By reading closely Maurice Baring’s nuanced (and characteristically magnanimous) ten-page literary parody, an attentive reader of The Romance of Tristan and Isolde will see and understand much more about the famous and unmistakably tragic medieval (largely Celtic) legend. And such a reader will also be better able to raise informed questions about what is not present and to be accounted for! There are loose ends in the longer romance, as well: for example, the virtuous character and conduct of King Mark of Cornwall and the Irish Mother’s consequential Irish Potion which she intended for her daughter and her vowed future husband!
Maurice Baring compactly imagines and depicts the reflections of young Isolde of Brittany as a docile daughter and harp-player who will soon be married to the unexpected visitor, Tristan of Lyoness. Baring presents the whole domestic atmosphere and increasing commentary of Isolde over five months from spring to early autumn:
May 1—Mamma sent me up a message early this morning that I was to put on my best white gown with my coral necklace, as guests were expected. She didn’t say who. Nurse was in a fuss….I can’t think why, as there was no hurry. I came down punctually at noon….I was told to get out my harp, and to sit with my back to the light….I was to play only Breton songs. I said I didn’t know any. She [Mamma] said that didn’t matter; but that I could say anything I knew and call it a Breton song. I said nothing, but I thought, and I still think, this was dishonest. (10-11—italics in the original; my bold emphasis added)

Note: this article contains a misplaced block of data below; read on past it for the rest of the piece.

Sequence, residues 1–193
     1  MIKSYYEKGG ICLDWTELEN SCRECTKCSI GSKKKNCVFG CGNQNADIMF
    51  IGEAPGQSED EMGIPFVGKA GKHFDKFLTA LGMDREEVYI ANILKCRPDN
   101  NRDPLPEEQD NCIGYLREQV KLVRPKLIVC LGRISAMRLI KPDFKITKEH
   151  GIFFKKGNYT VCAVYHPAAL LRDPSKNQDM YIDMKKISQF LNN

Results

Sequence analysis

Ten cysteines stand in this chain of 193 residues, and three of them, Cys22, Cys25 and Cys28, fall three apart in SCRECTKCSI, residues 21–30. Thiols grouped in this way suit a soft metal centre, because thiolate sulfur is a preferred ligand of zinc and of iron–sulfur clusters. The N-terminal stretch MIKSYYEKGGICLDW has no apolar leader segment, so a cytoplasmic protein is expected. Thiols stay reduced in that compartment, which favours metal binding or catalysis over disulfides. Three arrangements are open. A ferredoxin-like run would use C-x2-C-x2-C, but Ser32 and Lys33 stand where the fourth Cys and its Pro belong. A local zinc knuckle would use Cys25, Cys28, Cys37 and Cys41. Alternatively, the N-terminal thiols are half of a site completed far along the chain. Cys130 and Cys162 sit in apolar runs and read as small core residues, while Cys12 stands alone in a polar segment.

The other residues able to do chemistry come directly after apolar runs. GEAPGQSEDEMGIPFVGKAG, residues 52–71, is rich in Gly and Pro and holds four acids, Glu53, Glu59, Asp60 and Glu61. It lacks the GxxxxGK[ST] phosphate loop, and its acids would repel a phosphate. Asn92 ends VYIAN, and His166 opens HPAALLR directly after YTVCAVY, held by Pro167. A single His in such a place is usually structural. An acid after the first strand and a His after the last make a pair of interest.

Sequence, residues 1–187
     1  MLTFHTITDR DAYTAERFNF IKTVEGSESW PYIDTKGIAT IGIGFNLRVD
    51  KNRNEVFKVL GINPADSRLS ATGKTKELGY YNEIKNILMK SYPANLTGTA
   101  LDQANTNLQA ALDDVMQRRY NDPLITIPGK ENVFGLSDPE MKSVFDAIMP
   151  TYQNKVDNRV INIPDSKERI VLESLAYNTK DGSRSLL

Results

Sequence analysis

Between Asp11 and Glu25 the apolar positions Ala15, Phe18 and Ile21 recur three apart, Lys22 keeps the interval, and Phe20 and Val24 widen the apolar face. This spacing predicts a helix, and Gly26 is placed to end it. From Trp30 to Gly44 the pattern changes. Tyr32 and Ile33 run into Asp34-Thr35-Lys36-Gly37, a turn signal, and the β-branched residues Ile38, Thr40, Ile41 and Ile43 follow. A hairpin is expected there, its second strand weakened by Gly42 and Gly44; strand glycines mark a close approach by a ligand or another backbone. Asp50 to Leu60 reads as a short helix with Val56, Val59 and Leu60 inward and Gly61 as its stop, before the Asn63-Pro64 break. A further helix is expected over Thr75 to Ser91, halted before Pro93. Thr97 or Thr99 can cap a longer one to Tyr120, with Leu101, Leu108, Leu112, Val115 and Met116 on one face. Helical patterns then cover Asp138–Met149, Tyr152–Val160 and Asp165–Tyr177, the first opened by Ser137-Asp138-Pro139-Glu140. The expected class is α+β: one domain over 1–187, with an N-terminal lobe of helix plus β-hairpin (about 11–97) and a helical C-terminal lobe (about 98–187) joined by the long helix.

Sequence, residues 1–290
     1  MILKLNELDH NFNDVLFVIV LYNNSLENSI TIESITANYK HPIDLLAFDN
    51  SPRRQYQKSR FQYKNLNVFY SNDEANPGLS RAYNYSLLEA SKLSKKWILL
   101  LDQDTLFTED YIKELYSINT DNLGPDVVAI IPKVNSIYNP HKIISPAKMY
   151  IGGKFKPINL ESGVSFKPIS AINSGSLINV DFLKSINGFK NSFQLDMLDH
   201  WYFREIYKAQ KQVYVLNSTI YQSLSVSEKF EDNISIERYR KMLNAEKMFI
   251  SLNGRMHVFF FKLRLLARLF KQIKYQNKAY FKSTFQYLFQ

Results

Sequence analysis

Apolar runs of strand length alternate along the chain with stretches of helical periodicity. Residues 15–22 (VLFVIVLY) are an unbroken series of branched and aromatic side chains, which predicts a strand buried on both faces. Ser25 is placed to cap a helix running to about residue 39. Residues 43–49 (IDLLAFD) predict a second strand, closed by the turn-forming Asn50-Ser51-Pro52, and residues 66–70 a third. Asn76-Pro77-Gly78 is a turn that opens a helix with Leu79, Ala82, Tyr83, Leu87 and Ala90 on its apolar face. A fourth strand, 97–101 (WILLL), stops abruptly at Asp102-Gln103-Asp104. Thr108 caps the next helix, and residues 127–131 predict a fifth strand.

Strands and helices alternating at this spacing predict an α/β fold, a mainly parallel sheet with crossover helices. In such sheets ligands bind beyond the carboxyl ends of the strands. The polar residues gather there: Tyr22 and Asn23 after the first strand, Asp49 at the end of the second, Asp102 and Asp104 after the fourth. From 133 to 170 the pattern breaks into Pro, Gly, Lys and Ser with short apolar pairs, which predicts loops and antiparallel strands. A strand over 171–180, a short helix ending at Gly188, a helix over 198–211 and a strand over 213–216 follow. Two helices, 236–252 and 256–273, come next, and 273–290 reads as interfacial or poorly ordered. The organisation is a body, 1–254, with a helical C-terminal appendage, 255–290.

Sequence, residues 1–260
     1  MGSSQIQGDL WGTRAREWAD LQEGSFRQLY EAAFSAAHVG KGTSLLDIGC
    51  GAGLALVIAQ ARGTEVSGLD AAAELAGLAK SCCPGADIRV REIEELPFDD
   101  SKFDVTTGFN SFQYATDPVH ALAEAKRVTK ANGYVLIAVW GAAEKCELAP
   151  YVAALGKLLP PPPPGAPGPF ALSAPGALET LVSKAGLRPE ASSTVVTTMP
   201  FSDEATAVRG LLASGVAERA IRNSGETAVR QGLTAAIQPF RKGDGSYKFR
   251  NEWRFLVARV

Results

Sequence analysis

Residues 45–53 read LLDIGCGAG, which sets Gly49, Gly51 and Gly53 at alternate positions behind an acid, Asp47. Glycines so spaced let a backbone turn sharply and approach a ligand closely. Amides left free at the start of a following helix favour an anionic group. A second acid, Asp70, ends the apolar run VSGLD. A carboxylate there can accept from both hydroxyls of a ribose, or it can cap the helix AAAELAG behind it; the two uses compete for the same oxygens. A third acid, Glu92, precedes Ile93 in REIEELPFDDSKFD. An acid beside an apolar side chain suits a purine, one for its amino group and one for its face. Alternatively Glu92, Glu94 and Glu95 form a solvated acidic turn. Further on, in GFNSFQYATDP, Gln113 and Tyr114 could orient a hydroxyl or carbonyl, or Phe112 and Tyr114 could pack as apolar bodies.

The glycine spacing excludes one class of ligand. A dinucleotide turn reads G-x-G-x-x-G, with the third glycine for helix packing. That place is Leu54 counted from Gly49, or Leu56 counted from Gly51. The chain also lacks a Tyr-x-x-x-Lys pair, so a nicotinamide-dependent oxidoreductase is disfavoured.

After waiting “a long time” during which “Papa and mamma were fidgety,” (10) the seneschal, Morgan, announced the arrival Sir Tristan with his squire, Kurneval. Isolde’s first perceptive impressions of Tristan were expressed in her diary, as follows—about the man who will very soon now be her husband:
Rather an oldish man walked in, with a reddish beard, and many wrinkles. One of his front teeth was broken and the other was black. He was dressed in a coat of mail which was too tight for him. He had nice eyes and seemed rather embarrassed. (12)
Isolde innocently continues her candid descriptions:
Mamma and papa made a great fuss about him and brought me forward [in my white gown and with my cleansed white hands] and said: “This is our daughter Isolde,” and mamma whispered to me: “Show your hands.” I didn’t want to do this….
Sir Tristan bowed deeply, and seemed more and more embarrassed. After a long poise he said: “It’s a very fine day, isn’t it?”
Before I had time to answer, mamma broke in by saying: “Isolde has been up by six with the falconers.” This wasn’t true and I was surprised that mamma should be so forgetful. I hadn’t been out with the hawkers for weeks.
Then dinner was served. It lasted for hours I thought, and the conversation flagged terribly. Kurneval, Sir Tristan’s Squire, had twice of everything and drank more cider than was good for him. After dinner, mamma told me to fetch my harp. (12-13—italics in original; my bold emphasis added)
After Isolde complied with her mother’s request for her “to sing a Breton song,” Isolde admitted:
I was just going to say I didn’t know one, when she frowned at me so severely that I didn’t dare. So I sang a Provençal orchard song about waking up too early….Sir Tristan said: “Charming, charming, that’s German isn’t it; how well taught she is. I do like good singing.” Then he yawned, although he tried not to, and papa said he was sure Sir Tristan was tired, and he would take him to see the stables. Sir Tristan then became quite lively and said he would be delighted. (13-14—my emphasis added)